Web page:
Women Role Models
Women Role Models
By Julia Sommer
and Cathy Cockrell, Public Affairs
In honor of Women's History Month, Berkeleyan continues its interviews with campus women leaders about their women role models. Part 1 of this two-part feature appeared in the March 3 issue.
Janis Joplin and Mae West were equally powerful role models for me. They were strong women who knew what they wanted and went after it.
Cynthia Irwin, an archeologist and colleague of my father, was also a role model. She took the lead in running archeology expeditions in remote areas of the U.S. and Mexico.
When I came to Berkeley, Laura Tyson was my teaching
mentor. I've always valued her recommendations. Doris
Calloway, former provost of professional schools, and
Executive Vice Chancellor Carol Christ have been powerful
role models in administration in higher education.
Michelle had a style that drew people to her and made them feel they could trust her. She was articulate and a very beautiful black woman.
I've known Louise since I began working here 31 years ago. We both started as senior clerk typists. She had a way of stepping back from situations -- she was very analytical and objective.
I admire Anita because she is very strong-willed, determined and compassionate.
All of these women care very deeply about the Berkeley
campus. I do too.
Josephine Miles was also an enormous influence on me.
When I arrived in 1970 as only the fourth woman faculty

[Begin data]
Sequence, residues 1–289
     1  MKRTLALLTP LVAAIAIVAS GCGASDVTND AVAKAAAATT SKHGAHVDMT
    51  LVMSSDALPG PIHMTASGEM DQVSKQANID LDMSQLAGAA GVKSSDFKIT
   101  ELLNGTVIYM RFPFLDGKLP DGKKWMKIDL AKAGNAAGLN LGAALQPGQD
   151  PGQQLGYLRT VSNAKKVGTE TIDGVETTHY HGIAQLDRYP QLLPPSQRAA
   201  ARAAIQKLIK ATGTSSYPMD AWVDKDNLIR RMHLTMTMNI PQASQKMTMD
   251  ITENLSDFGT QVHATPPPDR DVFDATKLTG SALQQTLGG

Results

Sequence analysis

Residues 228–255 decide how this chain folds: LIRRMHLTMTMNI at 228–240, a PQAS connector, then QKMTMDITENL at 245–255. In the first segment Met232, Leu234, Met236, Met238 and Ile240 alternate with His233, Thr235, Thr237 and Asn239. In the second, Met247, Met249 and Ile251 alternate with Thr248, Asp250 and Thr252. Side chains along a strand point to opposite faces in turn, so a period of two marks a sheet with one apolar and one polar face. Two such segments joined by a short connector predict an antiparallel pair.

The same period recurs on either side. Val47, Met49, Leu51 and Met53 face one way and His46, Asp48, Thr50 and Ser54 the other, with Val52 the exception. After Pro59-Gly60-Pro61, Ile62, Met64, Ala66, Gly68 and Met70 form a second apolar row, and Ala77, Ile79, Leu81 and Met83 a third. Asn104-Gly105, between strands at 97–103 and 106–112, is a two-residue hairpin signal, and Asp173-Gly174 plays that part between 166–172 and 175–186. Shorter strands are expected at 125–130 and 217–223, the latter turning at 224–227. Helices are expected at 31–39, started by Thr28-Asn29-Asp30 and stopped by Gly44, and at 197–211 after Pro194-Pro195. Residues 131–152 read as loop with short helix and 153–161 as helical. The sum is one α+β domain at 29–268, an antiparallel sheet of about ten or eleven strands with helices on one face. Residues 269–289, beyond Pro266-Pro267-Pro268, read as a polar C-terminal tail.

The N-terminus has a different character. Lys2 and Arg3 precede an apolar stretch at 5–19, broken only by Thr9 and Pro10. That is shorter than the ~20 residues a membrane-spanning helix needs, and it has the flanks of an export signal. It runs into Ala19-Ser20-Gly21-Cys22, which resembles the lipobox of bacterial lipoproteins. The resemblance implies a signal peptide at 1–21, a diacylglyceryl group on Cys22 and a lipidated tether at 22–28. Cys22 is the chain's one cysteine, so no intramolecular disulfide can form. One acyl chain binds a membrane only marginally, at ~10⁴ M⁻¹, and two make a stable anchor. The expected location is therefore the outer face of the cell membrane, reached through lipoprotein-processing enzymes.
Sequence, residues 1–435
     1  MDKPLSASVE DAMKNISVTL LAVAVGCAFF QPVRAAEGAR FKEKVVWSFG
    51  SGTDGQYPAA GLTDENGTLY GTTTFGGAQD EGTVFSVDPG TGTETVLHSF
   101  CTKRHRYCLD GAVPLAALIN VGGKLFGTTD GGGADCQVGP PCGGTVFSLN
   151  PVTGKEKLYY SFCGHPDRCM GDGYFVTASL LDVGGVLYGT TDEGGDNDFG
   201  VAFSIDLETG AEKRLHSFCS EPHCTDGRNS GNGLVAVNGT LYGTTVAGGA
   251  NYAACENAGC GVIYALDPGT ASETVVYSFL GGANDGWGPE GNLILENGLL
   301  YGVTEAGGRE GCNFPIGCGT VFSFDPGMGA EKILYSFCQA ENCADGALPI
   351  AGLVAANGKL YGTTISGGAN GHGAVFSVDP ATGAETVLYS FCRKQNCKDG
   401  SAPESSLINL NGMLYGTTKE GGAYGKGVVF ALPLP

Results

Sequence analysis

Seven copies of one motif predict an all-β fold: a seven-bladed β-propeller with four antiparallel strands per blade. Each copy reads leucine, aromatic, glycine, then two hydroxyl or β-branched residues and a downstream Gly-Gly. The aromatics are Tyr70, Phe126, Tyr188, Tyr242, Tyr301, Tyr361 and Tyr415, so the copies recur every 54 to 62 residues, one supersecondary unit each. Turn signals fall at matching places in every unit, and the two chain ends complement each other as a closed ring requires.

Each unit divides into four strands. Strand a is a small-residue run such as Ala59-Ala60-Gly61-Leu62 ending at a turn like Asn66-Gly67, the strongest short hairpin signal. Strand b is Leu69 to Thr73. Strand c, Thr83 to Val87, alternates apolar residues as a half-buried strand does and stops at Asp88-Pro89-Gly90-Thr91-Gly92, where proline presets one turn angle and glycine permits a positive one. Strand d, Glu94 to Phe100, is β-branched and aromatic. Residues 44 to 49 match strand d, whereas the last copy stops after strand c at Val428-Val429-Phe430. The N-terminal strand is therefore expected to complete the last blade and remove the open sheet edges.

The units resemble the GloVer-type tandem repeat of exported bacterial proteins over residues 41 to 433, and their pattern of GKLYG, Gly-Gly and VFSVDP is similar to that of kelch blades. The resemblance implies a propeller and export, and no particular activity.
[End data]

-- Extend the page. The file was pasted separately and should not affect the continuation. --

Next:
member in the English department, she was the only tenured
woman in the department. She was warm and inviting to junior
faculty and committed to women's issues.
Simpson told me when she was 60 that science alone was not worth it -- a negative statement that made me determined to have more in my life than science, even though I loved my science and the opportunity for discovery.
Professor Agnes Faye Morgan in nutrition, for whom Morgan
Hall was named, appeared to me to have a well balanced life
and was a positive influence. She told me when I was in my
early 20s that men would not understand me until they had
daughters my age.
Because of my isolation as a graduate student in Bloomington, Ind., and my bookish nature, a lot of my role models are poets and philosophers who are no longer alive -- like Mexican intellectual Rosario Castellanos, Hannah Arendt and Simone Weil. All were outstanding thinkers who never had a tenured job.
When you think of Hannah Arendt, who went from university to university as a teacher but never went the career route, it gives you hope that it is possible to develop an intellectual life without necessarily depending on institutionalized careers.
Those three women gave me inspiration when I needed it most.
After I came to California, I was inspired by women involved in political activism, like Emma Goldman, Dolores Huerta and [SanFrancisco activist] Elizabeth Martinez.
On campus, Carol Stack has been supportive and mentored me all the way from assistant professor to full professor.
Another role model was Margarita Melville, who was coordinator of Chicano studies and chair of ethnic studies, and is retired now. She did her work with indigenous communities in Guatemala and Mexican-American women in the labor force. Margarita combined activism and scholarship in very important ways.
These two campus women were there for me from the